Prevention is always the most efficient way to prevent diseases, and CVD is no exception. However, the next best method is early detection and diagnosis, along with collaborative and personalized treatment plans. That allows the entire healthcare team to work together with their patients to keep them living their best lives. NDD’s EasyOne Connect software provides a flexible, collaborative solution, featuring integration with all major electronic medical record systems (EMR, EHR), as well as offline options to adapt to any workflow. This allows cardiologists, pulmonologists, and primary care providers to identify risk factors earlier, make the right diagnoses faster, and optimize disease management care longer.
While spirometry and DLCO measurements are unlikely to ever supplant long-established cardiac biomarkers like imaging or blood tests, the time has come for them to be considered necessary compliments to these assessments and to the insight of expert clinicians. These tests offer valuable context to pathology and an individual’s symptom burden and can be easily integrated into daily practice.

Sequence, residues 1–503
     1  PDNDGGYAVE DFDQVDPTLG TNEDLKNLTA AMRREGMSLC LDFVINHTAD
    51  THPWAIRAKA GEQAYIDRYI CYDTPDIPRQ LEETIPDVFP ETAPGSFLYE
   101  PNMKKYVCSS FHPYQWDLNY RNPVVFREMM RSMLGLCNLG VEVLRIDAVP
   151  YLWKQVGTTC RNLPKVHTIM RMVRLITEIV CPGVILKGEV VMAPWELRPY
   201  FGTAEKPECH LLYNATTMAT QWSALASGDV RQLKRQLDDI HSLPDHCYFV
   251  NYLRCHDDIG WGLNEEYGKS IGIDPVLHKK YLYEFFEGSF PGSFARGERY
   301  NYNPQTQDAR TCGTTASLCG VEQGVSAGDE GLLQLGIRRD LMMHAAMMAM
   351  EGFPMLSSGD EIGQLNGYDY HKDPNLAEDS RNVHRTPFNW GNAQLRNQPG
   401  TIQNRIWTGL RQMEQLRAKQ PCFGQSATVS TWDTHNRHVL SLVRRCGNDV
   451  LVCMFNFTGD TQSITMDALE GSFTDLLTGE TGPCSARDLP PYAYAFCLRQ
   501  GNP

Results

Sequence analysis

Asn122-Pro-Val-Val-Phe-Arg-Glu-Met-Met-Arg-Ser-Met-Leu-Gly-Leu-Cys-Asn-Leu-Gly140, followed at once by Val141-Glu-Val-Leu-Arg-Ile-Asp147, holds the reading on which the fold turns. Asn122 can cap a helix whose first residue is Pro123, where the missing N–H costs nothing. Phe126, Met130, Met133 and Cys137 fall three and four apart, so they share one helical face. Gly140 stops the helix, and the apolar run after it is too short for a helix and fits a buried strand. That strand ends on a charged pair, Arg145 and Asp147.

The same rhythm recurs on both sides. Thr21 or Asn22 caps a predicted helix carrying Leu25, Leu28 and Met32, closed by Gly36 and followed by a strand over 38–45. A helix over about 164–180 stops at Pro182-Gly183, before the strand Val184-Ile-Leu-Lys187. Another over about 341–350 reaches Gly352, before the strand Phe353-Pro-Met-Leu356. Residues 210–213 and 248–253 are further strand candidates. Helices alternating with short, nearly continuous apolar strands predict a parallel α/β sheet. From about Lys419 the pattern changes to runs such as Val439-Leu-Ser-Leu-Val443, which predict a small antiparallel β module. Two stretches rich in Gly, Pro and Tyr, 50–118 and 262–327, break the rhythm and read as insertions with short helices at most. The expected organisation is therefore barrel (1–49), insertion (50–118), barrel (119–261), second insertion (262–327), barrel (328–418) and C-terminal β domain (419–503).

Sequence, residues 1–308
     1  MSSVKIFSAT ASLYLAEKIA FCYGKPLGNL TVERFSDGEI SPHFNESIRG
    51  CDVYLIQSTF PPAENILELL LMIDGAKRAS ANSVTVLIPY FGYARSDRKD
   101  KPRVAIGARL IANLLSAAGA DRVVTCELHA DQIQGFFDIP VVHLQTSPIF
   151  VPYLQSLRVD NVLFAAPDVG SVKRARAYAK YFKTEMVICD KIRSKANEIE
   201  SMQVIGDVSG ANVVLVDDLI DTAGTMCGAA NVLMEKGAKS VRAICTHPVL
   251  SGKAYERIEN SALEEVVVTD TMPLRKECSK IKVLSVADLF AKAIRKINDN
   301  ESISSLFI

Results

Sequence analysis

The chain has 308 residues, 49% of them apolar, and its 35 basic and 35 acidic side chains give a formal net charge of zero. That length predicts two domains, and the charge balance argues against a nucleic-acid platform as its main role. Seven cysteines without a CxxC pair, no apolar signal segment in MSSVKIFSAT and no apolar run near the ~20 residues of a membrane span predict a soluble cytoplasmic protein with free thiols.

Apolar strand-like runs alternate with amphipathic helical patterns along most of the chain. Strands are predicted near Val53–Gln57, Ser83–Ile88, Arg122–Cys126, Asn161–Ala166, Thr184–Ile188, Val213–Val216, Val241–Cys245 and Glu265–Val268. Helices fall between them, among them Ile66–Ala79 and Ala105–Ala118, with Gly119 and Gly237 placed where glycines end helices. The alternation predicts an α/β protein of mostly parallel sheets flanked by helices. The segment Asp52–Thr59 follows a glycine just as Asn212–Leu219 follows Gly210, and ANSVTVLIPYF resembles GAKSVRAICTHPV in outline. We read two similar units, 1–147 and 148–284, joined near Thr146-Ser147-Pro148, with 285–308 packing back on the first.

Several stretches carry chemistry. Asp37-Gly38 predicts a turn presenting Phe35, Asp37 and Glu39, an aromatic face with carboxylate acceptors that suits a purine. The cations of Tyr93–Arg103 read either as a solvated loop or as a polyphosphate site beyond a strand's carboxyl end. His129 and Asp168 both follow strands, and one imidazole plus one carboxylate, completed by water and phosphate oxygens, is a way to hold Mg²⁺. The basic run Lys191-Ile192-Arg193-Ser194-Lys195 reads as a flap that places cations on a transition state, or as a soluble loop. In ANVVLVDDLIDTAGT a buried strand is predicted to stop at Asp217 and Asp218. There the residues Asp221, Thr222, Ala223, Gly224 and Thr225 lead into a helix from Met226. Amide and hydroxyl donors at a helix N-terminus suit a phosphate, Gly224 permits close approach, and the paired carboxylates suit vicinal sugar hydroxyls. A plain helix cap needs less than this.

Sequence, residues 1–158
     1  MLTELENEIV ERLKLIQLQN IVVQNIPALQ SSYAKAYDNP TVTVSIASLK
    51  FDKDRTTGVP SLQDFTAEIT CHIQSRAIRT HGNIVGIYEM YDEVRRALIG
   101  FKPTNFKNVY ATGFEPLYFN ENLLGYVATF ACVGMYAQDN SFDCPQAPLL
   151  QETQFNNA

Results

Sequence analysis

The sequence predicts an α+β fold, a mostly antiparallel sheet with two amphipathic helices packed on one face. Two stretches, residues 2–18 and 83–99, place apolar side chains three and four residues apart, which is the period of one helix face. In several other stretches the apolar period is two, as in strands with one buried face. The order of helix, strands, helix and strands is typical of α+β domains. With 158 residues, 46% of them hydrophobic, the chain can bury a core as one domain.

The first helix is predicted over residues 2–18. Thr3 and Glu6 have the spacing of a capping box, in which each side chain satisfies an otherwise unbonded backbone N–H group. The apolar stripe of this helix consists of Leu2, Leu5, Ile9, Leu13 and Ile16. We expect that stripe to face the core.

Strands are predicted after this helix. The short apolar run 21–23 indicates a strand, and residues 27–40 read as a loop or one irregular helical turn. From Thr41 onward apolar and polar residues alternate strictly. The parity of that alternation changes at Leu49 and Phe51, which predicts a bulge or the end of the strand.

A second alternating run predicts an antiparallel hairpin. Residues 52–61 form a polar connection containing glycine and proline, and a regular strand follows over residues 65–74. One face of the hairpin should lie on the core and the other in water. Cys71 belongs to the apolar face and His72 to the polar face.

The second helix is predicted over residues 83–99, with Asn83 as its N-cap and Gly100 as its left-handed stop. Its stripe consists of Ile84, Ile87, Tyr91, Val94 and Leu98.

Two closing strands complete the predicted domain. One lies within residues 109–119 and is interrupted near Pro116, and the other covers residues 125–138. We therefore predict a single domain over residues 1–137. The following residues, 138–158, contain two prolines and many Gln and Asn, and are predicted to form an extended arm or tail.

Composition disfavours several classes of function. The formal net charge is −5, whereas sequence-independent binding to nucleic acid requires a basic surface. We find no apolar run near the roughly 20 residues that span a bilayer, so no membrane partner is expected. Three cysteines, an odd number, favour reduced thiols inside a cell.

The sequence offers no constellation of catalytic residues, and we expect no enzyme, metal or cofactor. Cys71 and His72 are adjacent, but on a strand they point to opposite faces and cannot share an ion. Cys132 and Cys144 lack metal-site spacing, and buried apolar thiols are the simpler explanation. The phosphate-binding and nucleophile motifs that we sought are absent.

NDD – Good for the lungs, good for the heart
NDD’s EasyOne products allow today’s clinician access to rapid pulmonary function testing, from basic spirometry to more insightful DLCO measurements. This, in turn, enables the delivery of robust, accurate results with minimal labor and without complex and time-consuming calibration and setup routines. These machines are able to inform a patient’s care every step of the way, from diagnosis to long-term treatment. In addition, PFTs are also reimbursable through Medicare, Medicaid, and most private insurance carriers, adding an additional revenue stream that allows return on investment not in years but in months or weeks (depending on patient volume). You know your patients are more than the sum of their parts; why not use a testing strategy that takes the same informed approach?